This happened in another test I was doing, it was certainly acidic, but it wasn't sulphuric acid, it was acetic acid.

    Quote Originally Posted by Gerald C Koch View Post
    The only bleach that I have had trouble with is the copper one which caused severe softening and frilling of the emulsion
    Haven't had that, have only ever had trouble with permanganate + bisulphate and sulphuric acid bleaches. I haven't tried the CuSO4 + H2SO4, as that seems unlikely to work.

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    When bleaching is stopped at the manganese dioxide point half the bleaching capacity of permanganate is lost.
    A rock pile ceases to be a rock pile the moment a single man contemplates it, bearing within him the image of a cathedral.

    ~Antoine de Saint-Exupery

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    Athiril's Avatar
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    The citric acid on it's own will reduce permanganate over time, it's not fast like sodium sulphite for example, but over the course of an hour or so.

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    You really must use sulfuric acid in the permanganate bleach. Acetic acid is not strong enough.
    A rock pile ceases to be a rock pile the moment a single man contemplates it, bearing within him the image of a cathedral.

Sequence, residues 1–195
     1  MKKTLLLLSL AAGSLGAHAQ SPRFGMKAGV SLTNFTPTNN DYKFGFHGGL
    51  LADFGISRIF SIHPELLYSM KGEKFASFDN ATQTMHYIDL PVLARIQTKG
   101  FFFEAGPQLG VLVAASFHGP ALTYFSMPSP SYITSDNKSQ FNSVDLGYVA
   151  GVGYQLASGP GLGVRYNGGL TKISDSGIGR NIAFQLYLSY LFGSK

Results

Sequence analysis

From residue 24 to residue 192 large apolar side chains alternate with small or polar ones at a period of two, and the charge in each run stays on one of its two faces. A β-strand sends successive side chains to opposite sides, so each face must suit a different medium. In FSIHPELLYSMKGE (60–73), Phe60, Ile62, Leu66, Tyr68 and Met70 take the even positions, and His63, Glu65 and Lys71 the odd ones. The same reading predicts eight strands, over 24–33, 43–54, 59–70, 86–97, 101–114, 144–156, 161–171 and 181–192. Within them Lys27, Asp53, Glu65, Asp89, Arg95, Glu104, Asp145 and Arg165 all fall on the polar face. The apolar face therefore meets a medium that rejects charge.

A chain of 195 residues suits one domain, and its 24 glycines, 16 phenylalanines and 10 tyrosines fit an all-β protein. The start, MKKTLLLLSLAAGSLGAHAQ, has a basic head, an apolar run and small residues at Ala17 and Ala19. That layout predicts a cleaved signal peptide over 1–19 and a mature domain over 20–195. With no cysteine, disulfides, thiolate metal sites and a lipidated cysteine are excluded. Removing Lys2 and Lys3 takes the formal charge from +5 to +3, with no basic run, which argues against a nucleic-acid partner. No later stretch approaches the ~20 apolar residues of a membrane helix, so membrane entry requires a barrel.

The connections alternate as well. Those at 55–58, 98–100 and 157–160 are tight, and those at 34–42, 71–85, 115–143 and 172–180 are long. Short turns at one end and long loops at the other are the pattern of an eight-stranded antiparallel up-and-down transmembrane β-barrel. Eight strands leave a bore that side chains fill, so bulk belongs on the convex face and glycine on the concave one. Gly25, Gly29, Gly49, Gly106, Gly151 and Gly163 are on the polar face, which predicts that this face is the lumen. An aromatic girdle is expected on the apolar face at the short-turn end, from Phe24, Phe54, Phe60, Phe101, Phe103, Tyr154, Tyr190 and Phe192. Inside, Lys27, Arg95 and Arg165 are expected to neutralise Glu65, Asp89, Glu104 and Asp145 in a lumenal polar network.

~Antoine de Saint-Exupery

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    Never had a problem whatsoever when I began using permanganic acid at 18°C

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    Quote Originally Posted by Gerald C Koch View Post
    You really must use sulfuric acid in the permanganate bleach. Acetic acid is not strong enough.
    How about Sulfamic Acid? It is so much easier to handle than Sulfuric Acid ...
    Trying to be the best of whatever I am, even if what I am is no good.

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    Dear Athiril

    Well, at least the stability of the permanganate bleach can be improved easily.
    Add about 20g Calgon per liter and the result should be much better.

    Look for this agfa link for further explanation. www.google.com/patents/EP1006408A1?cl=en


    The final formulation will look this way. The text is quite promising, but I must admit that I haven’t used it till now…

    Water 700 ml
    M 19 (Natriumkaliumhexametaphosphat) 20 g
    Potassium permanganate 2 g
    Sulfuric acid (20 wt -%) 27 ml

    Fill with water to 1000 ml (pH = 1.4)


    In this movie forum is roughly the same formulation, just slightly different sulfuric acid concentration.
    http://movies.groups.yahoo.com/group...ng/message/891

    Regards Stefan

  10. #10
    Hexavalent's Avatar
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    Quote Originally Posted by Rudeofus View Post
    How about Sulfamic Acid? It is so much easier to handle than Sulfuric Acid ...
    Sulfamic acid will merrily dissolve silver; it might just do a little more bleaching than desired.
    - Ian